He intentionally exploits our monolith’s slow builds by running full builds all the time and complain that it is slow. Then plays video games in the office until the build is complete (about 4 hours). Then makes a minor change in his feature code and kicks off a full build again, even though he could build incrementally (about 2-3 minutes).

    What do you recommend me to do? Should I spend time and energy to answer his lifeless questions? Should I confront him?

Episode 122: Too Much Process and Negotiating Salaries with Multiple Companies

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In this episode, Dave and Jamison answer these questions:

  1. Is it just me or does systems like Jira and TFS get managers to go crazy on processes? We have TFS and management has created a convoluted mess of processes that takes forever to learn and gets changed on a whim to be replaced by an even more convoluted process. Every time I finish a large feature and need to merge it in, I have to run around asking ten people on what process changed since there are all sorts of permission denied and other strange error messages. In my previous job, same with Jira and Jenkins. As an engineer, do managers really need these crazy processes that get in the way or am I naive engineer who doesn’t really understand the value of these processes?

  2. Just wanted to preface by saying that I absolutely love your podcast. It’s definitely helped me mold into a better developer and team player!

    My company is having a tough time raising our next round. In light of this, I am actively looking for my next position. Financial stability and growth is my biggest concern as I am planning to get married, buy our own place, and have kids. My goal is to interview at multiple companies and get competing offers. From a hiring perspective, I can definitely see how companies and see this in a negative light. How do I navigate salary negotiations so that I can get the best deal (financially) without being stereotyped?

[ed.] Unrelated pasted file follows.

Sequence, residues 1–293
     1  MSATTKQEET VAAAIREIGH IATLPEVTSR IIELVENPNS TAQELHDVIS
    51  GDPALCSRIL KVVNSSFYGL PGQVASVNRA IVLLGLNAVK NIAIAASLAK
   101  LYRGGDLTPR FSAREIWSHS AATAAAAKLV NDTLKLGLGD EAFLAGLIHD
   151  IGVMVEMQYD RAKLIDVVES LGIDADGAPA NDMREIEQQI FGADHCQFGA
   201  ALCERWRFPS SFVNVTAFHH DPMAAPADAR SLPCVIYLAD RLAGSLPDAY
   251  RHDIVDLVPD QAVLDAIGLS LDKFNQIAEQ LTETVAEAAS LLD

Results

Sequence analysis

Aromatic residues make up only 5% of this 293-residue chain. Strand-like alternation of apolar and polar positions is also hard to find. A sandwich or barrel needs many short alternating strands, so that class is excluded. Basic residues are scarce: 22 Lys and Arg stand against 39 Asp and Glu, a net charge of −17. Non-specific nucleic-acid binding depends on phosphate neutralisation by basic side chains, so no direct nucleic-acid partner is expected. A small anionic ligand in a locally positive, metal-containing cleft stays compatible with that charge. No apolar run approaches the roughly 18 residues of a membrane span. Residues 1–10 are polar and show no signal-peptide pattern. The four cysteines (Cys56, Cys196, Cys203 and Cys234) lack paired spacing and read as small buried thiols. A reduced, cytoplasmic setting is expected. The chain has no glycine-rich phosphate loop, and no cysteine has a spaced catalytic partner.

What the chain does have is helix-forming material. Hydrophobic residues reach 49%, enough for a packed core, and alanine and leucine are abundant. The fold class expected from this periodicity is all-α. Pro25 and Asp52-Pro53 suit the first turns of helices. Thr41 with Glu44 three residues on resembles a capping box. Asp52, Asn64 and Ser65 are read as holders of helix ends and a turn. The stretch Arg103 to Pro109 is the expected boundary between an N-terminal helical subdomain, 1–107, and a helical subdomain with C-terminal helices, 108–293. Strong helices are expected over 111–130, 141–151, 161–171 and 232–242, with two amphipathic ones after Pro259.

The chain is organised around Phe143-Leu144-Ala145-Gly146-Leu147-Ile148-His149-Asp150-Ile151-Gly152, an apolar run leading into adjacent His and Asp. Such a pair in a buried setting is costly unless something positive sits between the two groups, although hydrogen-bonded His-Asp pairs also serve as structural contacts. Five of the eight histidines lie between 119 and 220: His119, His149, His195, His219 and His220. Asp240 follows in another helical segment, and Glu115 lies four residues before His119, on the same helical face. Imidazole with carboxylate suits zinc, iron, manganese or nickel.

Episode 121: Working Remotely Without Hating It and Managing Rotating Engineers

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In this episode, Dave and Jamison answer these questions:

  1. I used to work totally remote, but found myself absolutely hating it. The lack of office culture and human interaction.

    The problem is that in my area there are few local development jobs that match my skill set. I work in a large but heathcare heavy town, and their tech does not blend with my skill set.

    All to say. When it comes time to find my next job I’ll probably be looking for remote again. How can I come to love remote jobs, or at least survive?

    Maybe my previous companies remote culture was terrible. Is there any advice you can give when evaluating a remote culture at a company?

  2. Love the show! I had a question on how to effectively manage of team of engineers who have only partial allocation to my project. I am a project & technical lead for a team of ““8 FTE””, which is composed of a rotating cast of engineers who are allocated to my project in small percentages (most commonly between 30-80% of their time).

    This has a lot of challenges which you can imagine, but the one I am most interested in your thoughts on is the struggle with other projects about ““whose deliverable for a given engineer has priority””.